I wanted to read an old adventure novel to get some aspects on point of view and narration. I picked Captain Blood, because I knew it was also a movie.
The narration was more omni than anything so the POV wasn't particularly close and skipped around. But I paid attention to the plot as well.
I found the movie on the internet and watched it last night. Big chunks of plot and all of the interactions with the Spanish save one encounter were wiped out along with their characters in the movie. The Spanish characters were memorable, but I found as I watched the movie that the story as told on film was basically a big rewrite with a ton of tightening. The writers did a great job with the book.
It was sort of an epiphany for me. I've always been an automatic 'the movie screwed up the book' kind of person, but the exercise taught me a big writing lesson. You can really remove big chunks of a big story and still have it maintain the feel of the story. Now obviously lots of fiction has been chopped up in the creation of the screenplay and have lost that feel. Fans of classic novels (e.g. Jane Austen, Harry Potter)are very persnickity as to what they will accept.
My big takeaway was that if you really understand your story and its essence, you can do significant pruning AND keep your message in the work. And that doesn't relate to size. A short story can be shorter with elements you like taken out and still work.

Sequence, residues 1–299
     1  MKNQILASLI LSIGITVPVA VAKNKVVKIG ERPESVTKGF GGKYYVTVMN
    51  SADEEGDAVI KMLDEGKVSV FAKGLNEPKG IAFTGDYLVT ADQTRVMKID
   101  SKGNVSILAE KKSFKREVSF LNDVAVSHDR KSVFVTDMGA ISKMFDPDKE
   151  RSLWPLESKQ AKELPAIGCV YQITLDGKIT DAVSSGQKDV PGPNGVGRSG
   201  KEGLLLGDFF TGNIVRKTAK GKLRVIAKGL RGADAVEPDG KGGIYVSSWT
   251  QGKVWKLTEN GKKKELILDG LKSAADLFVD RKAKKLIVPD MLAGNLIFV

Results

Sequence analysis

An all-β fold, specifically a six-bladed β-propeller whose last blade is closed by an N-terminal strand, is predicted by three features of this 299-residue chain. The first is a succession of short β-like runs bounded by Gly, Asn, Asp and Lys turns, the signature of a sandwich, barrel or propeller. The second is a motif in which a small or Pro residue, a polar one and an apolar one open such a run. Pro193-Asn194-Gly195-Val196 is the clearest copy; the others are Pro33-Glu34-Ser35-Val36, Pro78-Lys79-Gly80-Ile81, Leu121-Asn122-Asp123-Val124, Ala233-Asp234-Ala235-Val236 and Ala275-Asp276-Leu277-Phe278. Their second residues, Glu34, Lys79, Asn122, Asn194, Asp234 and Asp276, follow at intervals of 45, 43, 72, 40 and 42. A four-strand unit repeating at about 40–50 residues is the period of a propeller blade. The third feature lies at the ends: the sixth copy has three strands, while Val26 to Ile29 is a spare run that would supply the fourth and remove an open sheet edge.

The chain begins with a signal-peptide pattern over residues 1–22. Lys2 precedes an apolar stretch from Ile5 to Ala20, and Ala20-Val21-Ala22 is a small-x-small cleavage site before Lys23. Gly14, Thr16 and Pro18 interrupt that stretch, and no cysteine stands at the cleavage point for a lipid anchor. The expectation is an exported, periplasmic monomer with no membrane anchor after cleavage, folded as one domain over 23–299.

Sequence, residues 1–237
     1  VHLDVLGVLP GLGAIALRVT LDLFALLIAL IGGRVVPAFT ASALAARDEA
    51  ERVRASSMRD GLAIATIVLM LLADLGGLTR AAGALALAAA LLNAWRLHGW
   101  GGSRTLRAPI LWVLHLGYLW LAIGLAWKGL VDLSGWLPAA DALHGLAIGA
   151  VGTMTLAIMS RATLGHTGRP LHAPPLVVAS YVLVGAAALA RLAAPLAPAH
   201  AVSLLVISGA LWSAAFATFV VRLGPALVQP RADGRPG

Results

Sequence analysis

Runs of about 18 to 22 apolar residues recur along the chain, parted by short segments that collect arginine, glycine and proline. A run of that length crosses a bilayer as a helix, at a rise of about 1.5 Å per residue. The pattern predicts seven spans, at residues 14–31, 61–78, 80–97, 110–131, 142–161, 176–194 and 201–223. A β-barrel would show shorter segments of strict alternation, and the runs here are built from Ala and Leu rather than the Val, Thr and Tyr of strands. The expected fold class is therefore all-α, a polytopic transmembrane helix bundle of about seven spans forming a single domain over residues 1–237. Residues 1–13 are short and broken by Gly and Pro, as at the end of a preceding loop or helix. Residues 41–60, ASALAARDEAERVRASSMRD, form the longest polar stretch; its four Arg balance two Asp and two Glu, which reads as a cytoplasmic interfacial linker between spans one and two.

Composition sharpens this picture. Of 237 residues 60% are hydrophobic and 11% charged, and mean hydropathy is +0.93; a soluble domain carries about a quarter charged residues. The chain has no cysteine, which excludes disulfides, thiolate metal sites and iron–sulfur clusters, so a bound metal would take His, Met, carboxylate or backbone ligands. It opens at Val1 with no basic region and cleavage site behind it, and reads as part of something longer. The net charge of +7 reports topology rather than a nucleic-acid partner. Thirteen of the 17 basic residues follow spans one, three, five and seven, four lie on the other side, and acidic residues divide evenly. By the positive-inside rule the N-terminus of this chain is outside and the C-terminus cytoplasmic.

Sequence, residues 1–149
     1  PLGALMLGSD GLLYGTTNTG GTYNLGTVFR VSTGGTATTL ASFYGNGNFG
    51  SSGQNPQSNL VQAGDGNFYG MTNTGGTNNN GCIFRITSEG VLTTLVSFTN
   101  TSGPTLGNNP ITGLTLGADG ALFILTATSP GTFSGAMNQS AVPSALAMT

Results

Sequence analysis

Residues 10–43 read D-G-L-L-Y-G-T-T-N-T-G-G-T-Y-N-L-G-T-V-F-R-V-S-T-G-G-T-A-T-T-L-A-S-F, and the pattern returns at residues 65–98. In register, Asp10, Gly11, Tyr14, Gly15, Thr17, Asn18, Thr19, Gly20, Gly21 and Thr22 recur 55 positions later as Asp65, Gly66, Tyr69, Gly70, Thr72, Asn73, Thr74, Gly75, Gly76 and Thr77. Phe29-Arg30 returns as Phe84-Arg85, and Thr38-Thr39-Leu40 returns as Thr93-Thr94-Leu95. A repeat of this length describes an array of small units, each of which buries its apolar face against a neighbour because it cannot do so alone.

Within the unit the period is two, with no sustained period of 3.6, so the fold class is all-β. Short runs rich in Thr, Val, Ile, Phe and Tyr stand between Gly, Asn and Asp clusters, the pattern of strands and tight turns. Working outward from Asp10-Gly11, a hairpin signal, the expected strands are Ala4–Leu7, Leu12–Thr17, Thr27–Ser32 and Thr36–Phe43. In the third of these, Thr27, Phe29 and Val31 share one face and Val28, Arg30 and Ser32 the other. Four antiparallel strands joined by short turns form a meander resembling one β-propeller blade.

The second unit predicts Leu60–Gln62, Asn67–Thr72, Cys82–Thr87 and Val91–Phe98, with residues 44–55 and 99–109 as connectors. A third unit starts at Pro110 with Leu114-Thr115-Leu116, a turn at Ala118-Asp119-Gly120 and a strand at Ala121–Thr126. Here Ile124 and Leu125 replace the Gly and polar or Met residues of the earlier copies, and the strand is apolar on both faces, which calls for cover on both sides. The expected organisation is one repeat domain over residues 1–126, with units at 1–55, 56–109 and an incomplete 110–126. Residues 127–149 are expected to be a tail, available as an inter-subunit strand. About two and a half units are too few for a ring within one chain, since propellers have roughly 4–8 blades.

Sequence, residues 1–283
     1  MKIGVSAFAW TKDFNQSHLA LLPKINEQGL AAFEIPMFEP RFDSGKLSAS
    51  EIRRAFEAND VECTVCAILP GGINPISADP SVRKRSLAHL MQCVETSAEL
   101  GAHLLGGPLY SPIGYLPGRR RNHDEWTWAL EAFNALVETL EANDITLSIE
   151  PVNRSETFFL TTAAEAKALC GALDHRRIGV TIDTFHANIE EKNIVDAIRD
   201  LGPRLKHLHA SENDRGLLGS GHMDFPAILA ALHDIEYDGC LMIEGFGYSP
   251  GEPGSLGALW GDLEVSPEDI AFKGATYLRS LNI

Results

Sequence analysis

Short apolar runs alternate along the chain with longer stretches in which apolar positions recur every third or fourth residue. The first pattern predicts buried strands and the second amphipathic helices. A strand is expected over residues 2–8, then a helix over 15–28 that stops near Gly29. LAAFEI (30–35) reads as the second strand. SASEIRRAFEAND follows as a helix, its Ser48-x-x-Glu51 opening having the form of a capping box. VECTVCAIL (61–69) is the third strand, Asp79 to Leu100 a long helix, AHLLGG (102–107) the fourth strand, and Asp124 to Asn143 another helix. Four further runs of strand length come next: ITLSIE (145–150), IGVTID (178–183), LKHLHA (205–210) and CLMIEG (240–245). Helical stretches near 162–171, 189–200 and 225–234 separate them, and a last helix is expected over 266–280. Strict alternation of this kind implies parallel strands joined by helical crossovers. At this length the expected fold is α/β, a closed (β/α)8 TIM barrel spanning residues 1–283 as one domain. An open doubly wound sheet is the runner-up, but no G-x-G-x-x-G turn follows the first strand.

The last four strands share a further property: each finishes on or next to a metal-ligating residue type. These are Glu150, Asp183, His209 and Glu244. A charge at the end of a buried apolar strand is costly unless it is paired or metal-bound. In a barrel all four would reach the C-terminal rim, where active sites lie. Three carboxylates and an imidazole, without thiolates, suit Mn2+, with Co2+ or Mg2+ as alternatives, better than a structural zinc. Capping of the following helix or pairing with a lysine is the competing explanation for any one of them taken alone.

Well, if you're looking for more examples, try SCARAMOUCHE (I don't remember the author but wouldn't be surprised if it was the same as CAPTAIN BLOOD) and you can't possibly miss THE SCARLET PIMPERNEL, by Baroness Orczy (both also movies).
Though I suspect you can get by with more omni POV in a straight up adventure story, the conventions (if you will) have changed. To see how much, try slogging through anything by H. Ryder Haggard (SHE, KING SOLOMON'S MINES, again, both also movies).
If you want to look at something with a little more depth (intrique, romance, redemption) in addition to the adventure, try PRINCE OF FOXES, by Samuel Shellabarger (also a movie). One of my personal favorites.
The idea that we can cut our darlings and still have the core of the story is a useful one, though. Sometimes, the movies did that well, sometimes not.
For straight up adventure with absolutely no redeeming qualities, my quilty pleasure has always been "The Crimson Pirate" with a very young Burt Lancaster. So far as I know, that was there's only the movie version.
(I was an adventure movie junky in my youth. )
[This message has been edited by Meredith (edited July 08, 2010).]
Yes, the actual "length" of a typical movie, turned into a story, ends up being more novella than novel. Of course there are variations within that - a movie can portray scene and setting without using any time as it' there in the same shot as the action, whereas a book can't - but if the book is even remotely plot-heavy, stuff is going to be lost on screen.
"Shogun", admittedly a doorstop novel, was filmed as a 12-hour mini-series or something along those lines and left out parts of the book even then. Amazingly, there was then a film release, cut down from the 9 hours to 2, which I didn't see but which I imagine was utterly incomprehensible.
[This message has been edited by tchernabyelo (edited July 09, 2010).]
The screenwriters did a great job of collapsing events
David Brin's The Postman
Brin is pretty sophisticated about the change from prose to film, and he actually liked much of what they did.
Jurassic Park -- note Spielberg's brilliant visual storytelling